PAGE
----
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21 May 2001 Correlation-timing-based erythrocyte velocity measurement using CCD imagery
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An automated correlation method is introduced to estimate erythrocyte velocity component of erythrocyte flux within the cerebral capillary network. Erythrocyte flux, defined as the number of red blood cells passing through a plane orthogonal to the axis of erythrocyte flow in a vessel per unit time, is considered to be the closest index of capillary flow. Introduced previously is the two-point cross-correlation method, a method whereby a video photometric analyzer captures the voltage produced from two electronic windows placed over a vessel of interest. In our new method, instead of using electronic windows, we use a CCD array, focused on a two- dimensional projection of the three-dimensional capillary structure. Simulations of this method yields accurate velocity measurements at a measured cell intensity of .2 standard deviations above mean noise values or cell counts fewer than 30 cells per minute for image sequences of 180 frames captured over a time interval of three seconds. We conclude that with proper reduction in the measured standard deviation of noise and by increasing the percentage of fluorscently labeled erythrocytes injected into the rat, the correlation timing method of estimating erythrocyte velocity is an accurate substitute for hand-measured velocity calculation.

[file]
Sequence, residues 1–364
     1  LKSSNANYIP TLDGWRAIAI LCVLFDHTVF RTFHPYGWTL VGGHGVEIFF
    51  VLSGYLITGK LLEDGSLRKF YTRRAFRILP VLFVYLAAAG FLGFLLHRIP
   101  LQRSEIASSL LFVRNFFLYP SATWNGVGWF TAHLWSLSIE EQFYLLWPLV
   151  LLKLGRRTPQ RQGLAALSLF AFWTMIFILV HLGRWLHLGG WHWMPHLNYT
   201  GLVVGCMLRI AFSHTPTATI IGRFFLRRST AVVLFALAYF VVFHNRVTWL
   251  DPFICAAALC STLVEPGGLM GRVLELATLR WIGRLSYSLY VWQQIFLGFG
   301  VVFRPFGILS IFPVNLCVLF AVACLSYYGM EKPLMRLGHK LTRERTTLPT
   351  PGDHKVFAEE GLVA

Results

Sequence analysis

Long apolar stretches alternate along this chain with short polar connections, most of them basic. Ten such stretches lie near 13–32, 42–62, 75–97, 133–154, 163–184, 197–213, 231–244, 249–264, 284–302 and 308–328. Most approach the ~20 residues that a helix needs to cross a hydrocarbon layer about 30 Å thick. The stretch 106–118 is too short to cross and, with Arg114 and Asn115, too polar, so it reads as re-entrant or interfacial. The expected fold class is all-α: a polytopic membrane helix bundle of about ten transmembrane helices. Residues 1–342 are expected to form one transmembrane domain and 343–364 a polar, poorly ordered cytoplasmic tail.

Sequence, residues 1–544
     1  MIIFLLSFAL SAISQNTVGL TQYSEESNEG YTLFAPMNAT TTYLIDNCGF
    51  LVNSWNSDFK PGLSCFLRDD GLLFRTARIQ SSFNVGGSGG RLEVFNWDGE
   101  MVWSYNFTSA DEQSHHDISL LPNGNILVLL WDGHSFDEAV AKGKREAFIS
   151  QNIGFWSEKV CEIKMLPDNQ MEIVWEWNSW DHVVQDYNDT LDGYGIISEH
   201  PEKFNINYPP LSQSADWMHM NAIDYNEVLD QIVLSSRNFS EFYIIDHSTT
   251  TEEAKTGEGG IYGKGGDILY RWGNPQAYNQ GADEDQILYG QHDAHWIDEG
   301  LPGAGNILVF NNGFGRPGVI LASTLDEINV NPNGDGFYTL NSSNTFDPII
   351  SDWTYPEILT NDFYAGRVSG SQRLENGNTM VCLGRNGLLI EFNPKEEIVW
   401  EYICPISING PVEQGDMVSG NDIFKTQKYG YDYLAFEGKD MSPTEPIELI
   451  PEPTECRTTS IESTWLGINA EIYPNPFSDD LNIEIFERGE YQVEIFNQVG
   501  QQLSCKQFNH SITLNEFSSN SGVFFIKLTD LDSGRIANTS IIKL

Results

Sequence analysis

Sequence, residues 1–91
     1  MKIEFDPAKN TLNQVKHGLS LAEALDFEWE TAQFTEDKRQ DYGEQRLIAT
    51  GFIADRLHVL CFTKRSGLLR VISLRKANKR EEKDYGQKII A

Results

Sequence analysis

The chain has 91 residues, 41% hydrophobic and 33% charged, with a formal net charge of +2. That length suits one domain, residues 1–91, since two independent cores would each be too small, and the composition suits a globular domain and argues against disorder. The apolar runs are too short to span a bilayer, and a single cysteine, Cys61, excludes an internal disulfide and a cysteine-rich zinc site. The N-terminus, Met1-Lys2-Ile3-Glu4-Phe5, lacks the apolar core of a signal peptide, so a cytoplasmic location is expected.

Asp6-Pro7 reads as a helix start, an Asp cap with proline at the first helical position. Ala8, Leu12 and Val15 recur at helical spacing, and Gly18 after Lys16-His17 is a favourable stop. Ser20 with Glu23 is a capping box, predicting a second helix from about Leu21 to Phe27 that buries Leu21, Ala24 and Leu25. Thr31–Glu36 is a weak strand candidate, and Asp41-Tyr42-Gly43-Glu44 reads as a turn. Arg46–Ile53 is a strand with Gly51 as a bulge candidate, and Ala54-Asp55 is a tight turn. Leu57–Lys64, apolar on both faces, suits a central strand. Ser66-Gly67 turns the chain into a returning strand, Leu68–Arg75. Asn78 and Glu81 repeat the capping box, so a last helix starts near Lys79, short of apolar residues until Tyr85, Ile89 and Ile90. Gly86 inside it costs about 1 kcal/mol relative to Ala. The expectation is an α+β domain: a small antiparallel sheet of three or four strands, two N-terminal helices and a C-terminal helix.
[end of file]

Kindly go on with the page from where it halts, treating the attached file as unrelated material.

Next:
© (2001) COPYRIGHT Society of Photo-Optical Instrumentation Engineers (SPIE). Downloading of the abstract is permitted for personal use only.
William J. O'Reilly and Anthony Hudetz "Correlation-timing-based erythrocyte velocity measurement using CCD imagery", Proc. SPIE 4321, Medical Imaging 2001: Physiology and Function from Multidimensional Images, (21 May 2001);

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